The Obama administration has announced that it will work with Congress on a new series of consumer protections dubbed a “Privacy Bill of Rights” that will detail how Internet companies can handle and use consumers’ personal data. According to the statement from The White House, consumers should have a right to control how their personal information is handled so that businesses can maintain their trust and continue to grow.
“American consumers can’t wait any longer for clear rules of the road that ensure their personal information is safe online,” said President Obama of the proposed framework. “By following this blueprint, companies, consumer advocates and policy makers can help protect consumers and ensure the Internet remains a platform for innovation and economic growth.”
The proposed privacy bill of rights comes at a time when consumer web companies are coming under increasing fire for the way they’re accessing private data unbeknownst to users, and, no, we’re not just talking about addressgate here. Recently, Google was accused of bypassing security settings in Apple’s Safari browser to track users as they surfed the web, and Microsoft chimed in to later to confirm that such a thing was happening in its Internet Explorer browser, too. Google is also under pressure because of its plan to consolidate user privacy policies across its various services into one, essentially combining a wealth of disparate data on web users.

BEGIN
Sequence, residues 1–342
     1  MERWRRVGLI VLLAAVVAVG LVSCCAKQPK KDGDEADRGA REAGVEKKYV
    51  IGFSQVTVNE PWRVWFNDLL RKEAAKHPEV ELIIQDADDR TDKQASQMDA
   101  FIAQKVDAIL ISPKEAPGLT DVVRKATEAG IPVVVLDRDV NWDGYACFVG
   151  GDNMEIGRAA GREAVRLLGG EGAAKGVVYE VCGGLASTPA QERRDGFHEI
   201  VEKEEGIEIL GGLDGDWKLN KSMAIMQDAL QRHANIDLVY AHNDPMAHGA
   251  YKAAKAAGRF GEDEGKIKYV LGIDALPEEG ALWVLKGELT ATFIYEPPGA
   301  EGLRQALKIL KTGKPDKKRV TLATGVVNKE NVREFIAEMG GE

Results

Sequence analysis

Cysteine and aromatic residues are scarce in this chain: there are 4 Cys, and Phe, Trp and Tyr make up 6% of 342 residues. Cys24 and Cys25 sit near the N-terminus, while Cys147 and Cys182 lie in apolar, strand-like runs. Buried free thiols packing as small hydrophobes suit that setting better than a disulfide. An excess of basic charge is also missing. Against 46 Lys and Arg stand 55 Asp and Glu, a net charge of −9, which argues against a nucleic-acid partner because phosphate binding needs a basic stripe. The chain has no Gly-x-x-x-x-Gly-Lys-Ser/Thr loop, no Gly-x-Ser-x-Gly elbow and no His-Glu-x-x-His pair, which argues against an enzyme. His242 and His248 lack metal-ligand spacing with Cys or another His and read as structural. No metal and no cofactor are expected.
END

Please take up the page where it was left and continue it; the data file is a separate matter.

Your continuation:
Facebook, meanwhile, is almost continually under attack for the way it handles privacy and social sharing, and with the new “frictionless sharing” provided by the OpenGraph platform, it’s also now receiving additional scrutiny on that front.
In addition, the Federal Trade Commission recently became involved in examining consumer privacy issues in mobile applications, saying that parents needed ways to better understand how apps may be using their children’s data.
Following up on the issues of mobile privacy, California’s Attorney General Kamala Harris yesterday moved to enact a privacy deal with six of the biggest web and mobile companies: Apple, Google, HP, Microsoft, RIM and Amazon, that requires app makers to disclose to users how apps plan to use personal data. The disclosures should be easy to understand and available prior to the app download, Harris said.
The White House’s proposed guidelines are somewhat of an extension to that act, but they would apply not just to mobile, but to any data collected by Internet organizations. The administration says that privacy policies should be easy to understand, data should be protected from leaks and hacking attempts and consumers should be able to place “reasonable limits” on the collection and use of their personal data.
The White House also pointed to the recent move by The Digital Advertising Alliance, a marketing trade association, which just committed to providing a “Do Not Track” button for web browsers, something it plans to roll out in the next 9 months. Consumers who click the button, once installed, will be able to prevent (participating) advertisers from collecting data about them.
The U.S. Commerce Department will work with web companies and privacy advocates to establish privacy policies based on this bill of rights, but the code would be voluntary. However, if a company agreed to follow the standards then later violated them, the FTC could file charges.
More info on the plan is available in the full report here. (PDF).